(The Center Square) – The long and winding path toward legalizing recreational marijuana in Maryland continues this legislative session as lawmakers in both chambers of the General Assembly are holding workgroups and drafting bills.
Members of the state Senate’s Finance Committee had their first glimpse at a pair of House bills — HB 0001 and HB 0837 — at a meeting on March 23. State Del. Luke Clippinger, D-Baltimore County, is the sponsor of both pieces of legislation and went before his counterparts in the Senate for the bill hearings.
HB 0001, as proposed, would call for a constitutional amendment by way of a referendum question on a future ballot, perhaps as soon as November. HB 0837 outlines cannabis reform by way of a baseline study that would examine a range of related issues.
“I think we’ve taken a lot of what works in other states,” Clippinger said of the bills, which were formulated through a workgroup he chaired. “I can’t promise that it is going to be perfect.”
One concept Clippinger touched on repeatedly during the hearing was racial equity, in terms of enforcement and opportunities for licensed sellers who would have the opportunity to retail recreational cannabis if it was legalized in Maryland.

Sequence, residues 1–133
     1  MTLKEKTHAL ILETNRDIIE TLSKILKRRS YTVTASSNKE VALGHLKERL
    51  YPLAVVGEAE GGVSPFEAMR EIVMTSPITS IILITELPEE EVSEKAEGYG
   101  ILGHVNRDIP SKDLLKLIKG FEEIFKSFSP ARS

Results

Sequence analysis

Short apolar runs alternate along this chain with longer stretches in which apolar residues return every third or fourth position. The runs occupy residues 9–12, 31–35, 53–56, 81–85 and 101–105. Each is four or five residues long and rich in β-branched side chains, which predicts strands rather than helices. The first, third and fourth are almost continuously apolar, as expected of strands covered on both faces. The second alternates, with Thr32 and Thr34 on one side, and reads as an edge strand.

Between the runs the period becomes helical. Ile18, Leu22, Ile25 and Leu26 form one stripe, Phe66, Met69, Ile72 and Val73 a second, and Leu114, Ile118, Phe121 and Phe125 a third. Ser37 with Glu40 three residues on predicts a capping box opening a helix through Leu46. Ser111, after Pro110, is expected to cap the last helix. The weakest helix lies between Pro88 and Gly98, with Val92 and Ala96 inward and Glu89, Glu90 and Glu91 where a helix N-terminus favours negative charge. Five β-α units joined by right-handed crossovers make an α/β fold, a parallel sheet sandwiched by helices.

“It’s our intention to tackle our first priority, which is to begin to address the overwhelming disparities that have impacted people of color, especially Black and brown people, throughout Maryland, with regard to cannabis,” Clippinger said of the baseline study that is the crux of the cannabis reform proposal.
HB 0837 touches on other issues as well, including the role law enforcement would continue to play in a post-legalization environment.
“We don’t want people to drive impaired,” Clippinger said. “That’s been a huge issue of people in the House. We need to make sure that police officers are able to properly investigate those times when people are driving under the influence of cannabis.”
To that end, Clippinger said he would advocate for better testing mechanisms for impairment, similar to the role breathalyzers play in instances involving alcoholic beverages.
During the hearing, state Sen. Stephen Hershey Jr., R-Queen Anne’s, pressed Clippinger on the rationale behind a referendum.
“This is one of those issues where people feel pretty strongly, one way or the other,” Clippinger said, in response. “I think it’s right to get that sign-off from Marylanders on the November ballot.”
From a procedural standpoint, Hershey said he saw a disconnect between the two House bills. The referendum question in HB 0001 is simple, Hershey said, but the actual multi-layered processes outlined in HB 0837 were viewed by him as more complex.
“Over here (in the Senate), we did work on legislation,” Hershey said. “Last year, we had two bills that dealt with the legalization. They stalled. This year, we have a bill that does address the industry, that does address licensing, that does address what I think people believe they’re really voting on when they vote on this question.”
State Sen. Brian Feldman, D-Montgomery County, struck a more conciliatory tone in his comments to Clippinger.
“I think we look forward to working with you on this,” Feldman said. “You see some of the questions and issues that have popped up, and it’s our two chambers here.”